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Round the Bend

3.83  ·  Rating details ·  568 Ratings  ·  40 Reviews
Jeremy Clarkson gets really riled in Round the Bend. What's it like to drive a car that's actively trying to kill you? This and many other burning questions trouble Jeremy Clarkson as he sets out to explore the world from the safety of four wheels. Avoiding the legions of power-crazed traffic wombles attempting to block highway and byway, he he: Shows how the world of perf ...more
Hardcover, 410 pages
Published 2011 by Michael Joseph (first published July 1st 2007)
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Community Reviews

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Brian Clegg
Dec 25, 2011 rated it liked it
I know it's popular to despise Jeremy Clarkson, but I'm one of the many who find his buffoonery amusing. However I was a bit doubtful that I would find a collection of car reviews, some of them over 3 years old, entertaining. I shouldn't have worried. Clarkson's reviews typically only mention the car in the last 20% of the piece - the rest is an entertaining commentary on life from the Clarkson viewpoint.

I found the whole thing tantalisingly moreish. Admittedly occasionally I was a little worri
Kevin de Ataíde
This collection of articles presents more the philosophy of the author than the several cars that seemingly must be reviewed at some point in an article. I cannot say that I thoroughly enjoyed reading them, but they did make me laugh several times. Three stars.
Oct 25, 2011 rated it really liked it
One thing is clear from this book, if you do not like Jeremy then you will not enjoy this read. I do like Jeremy - that's not to say I agree with him all the time - and so I enjoyed this like I have all his others. It's not rocket science, it's not going to break boundaries in literature or win The Booker Prize but it's eminently readable and enjoyable. I love the way he starts off talking about any old random thing that has happened to him and ends up weaving it in to something to do with the c ...more
May 01, 2012 rated it really liked it
I liked to read it inbetween books, so if I needed a break from another book, I could just start "Round the Bend" wherever I left over and read how many pages/articles I liked, put it down and repeat this process later.
Roshnara Mohamed
Sep 24, 2017 rated it liked it
Shelves: 2017
Let me make something clear - I know nothing about cars. I asked my dad what a V8 engine is and was subjected to a half hour class on different engines, complete with diagrams, and I'm still clueless.
That being said, I enjoyed reading this collection of car reviews by Clarkson. An amalgamation of his reviews from the Sunday Times over a year or so, you get Clarkson at his snarky best, lamenting about crying Guardian readers who have descended to wreak havoc on petrolheads like himself. The occas
Robert Hepple
Nov 07, 2017 rated it really liked it  ·  review of another edition
First published in 2011, Round the Bend is a collection of humorous articles previously published from 2008-2009. Each article is ostensibly a review of a particular car, but usually ends up being a serious of funny anecdotes before finishing with a small mention of the car concerned. The humour is just what most people would expect from Clarkson, so you either love it or hate it. I love it, because his constant self parody as a buffoon/clown with no concept of political correctness is all part ...more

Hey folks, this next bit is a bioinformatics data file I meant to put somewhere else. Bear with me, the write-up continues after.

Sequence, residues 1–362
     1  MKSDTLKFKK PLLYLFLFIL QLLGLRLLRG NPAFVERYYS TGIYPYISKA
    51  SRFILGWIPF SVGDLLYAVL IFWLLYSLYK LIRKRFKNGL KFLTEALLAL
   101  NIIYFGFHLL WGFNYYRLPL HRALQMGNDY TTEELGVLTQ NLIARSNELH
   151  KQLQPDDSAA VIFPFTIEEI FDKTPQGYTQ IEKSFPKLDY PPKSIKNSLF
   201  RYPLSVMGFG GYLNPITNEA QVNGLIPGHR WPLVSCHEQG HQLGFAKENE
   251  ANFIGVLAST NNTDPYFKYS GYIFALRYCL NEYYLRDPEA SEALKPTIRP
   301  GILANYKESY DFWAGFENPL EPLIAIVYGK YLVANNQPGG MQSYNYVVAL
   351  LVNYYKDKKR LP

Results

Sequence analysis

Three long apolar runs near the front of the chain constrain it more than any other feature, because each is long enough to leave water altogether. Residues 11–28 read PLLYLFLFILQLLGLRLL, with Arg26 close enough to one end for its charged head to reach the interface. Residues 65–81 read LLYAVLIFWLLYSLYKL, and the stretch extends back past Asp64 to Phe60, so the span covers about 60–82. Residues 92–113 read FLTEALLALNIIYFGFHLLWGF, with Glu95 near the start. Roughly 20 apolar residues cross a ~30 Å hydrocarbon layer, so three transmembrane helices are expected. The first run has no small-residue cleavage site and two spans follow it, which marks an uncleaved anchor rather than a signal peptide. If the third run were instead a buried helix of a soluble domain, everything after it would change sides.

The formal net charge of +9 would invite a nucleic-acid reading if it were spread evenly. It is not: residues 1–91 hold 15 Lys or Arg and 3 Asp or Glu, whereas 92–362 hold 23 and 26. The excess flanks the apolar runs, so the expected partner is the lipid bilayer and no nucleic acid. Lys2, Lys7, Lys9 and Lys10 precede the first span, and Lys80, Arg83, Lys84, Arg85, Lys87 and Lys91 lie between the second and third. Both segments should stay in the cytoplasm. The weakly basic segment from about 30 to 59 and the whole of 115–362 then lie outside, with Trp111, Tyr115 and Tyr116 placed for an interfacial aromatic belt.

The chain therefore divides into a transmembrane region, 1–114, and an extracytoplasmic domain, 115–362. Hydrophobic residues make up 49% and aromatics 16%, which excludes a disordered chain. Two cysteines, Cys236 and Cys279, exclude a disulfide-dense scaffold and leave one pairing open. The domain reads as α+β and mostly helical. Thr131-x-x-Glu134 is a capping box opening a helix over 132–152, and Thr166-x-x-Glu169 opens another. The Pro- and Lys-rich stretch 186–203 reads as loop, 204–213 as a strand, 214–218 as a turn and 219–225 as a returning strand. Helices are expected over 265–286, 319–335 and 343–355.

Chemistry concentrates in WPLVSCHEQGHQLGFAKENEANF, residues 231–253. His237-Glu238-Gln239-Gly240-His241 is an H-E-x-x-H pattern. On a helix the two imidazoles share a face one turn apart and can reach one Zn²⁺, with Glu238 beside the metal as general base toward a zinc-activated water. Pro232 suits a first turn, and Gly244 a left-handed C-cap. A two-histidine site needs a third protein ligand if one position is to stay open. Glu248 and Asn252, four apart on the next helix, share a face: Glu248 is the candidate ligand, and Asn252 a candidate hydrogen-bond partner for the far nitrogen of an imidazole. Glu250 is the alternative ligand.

Jun 05, 2018 rated it really liked it
Shelves: books-i-own
More tongue-in-cheek hilarity from a man who, while controversial and far from wholly likeable, is arguably one of the best columnists in Britain.
Lee Broderick
In 2004, The Sunday Times suddenly realised that it was sitting on a literary sensation. Compiling two years' worth of Jeremy Clarkson's newspaper columns amounted to enough material for a book and, having done this, it sold well. The following year, they repeated the trick by compiling two years worth of his columns for the motoring supplement (now some kind of car/gadget/stuff supplement). The only strange thing about this is that it took them so long: it's essentially the same trick that the ...more
Aug 06, 2012 rated it it was ok
I've read most of Clarkson's novels and I'm sorry to say that this disappointed me.

His writing style is still the same and is easily accessible to the audience. But in this novel, I found myself struggling to get into it overall.

I think with this book in particular, the focus of the novel hasn't been achieved. For me, I felt lost at times during the novel and felt that the direction that Clarkson was going in felt unnatural, forced and I suppose in a way not needed.

Overall, I was left annoyed a
If you're going to be insulted by anyone, you'll want it to be Mr. Clarkson or someone of his linguistic ilk. Some of my favourite jibes so far:
*Road cyclists = Lycra Nazis
*The vibrant colouring [of the Subaru Impreza] does at least take your mind off the fact that this is a GBP 25,000 car that comes with fewer toys than an Ethiopian birthday boy.
*Imagine drinking a pint of hemlock, setting yourself on fire and then jumping out of a plane when it's directly overhead a combine harvester. You don'
Sep 05, 2012 rated it liked it
This book is one of his car books and is a collection of his articles from newspapers.

It's pretty good, I really like Clarkson's stuff and Top Gear is one of my favourite shows on TV... but, I'm not a petrol head or care that much about cars.

This was a christmas present from last year and if I'd have known it was a car book I'd probably not have bothered to ask for it. That said, it's not just 100% cars, there is some humour thrown in as well.

You'll love it if you're interested in cars, but if n
I bought this book because the BBC show "Top Gear". I love the show and all the tidbits and silly things they do on it. That tongue-in-cheek approach of Jeremy's is especially my favourite part. I figured it would translate into his writing.

It does - sort of. The main problem I have with this book is that frankly I'm not British and therefore do not get half of the referenced to culture he is pointing out. The book is still funny and easy to read but missing out on those little things did irk me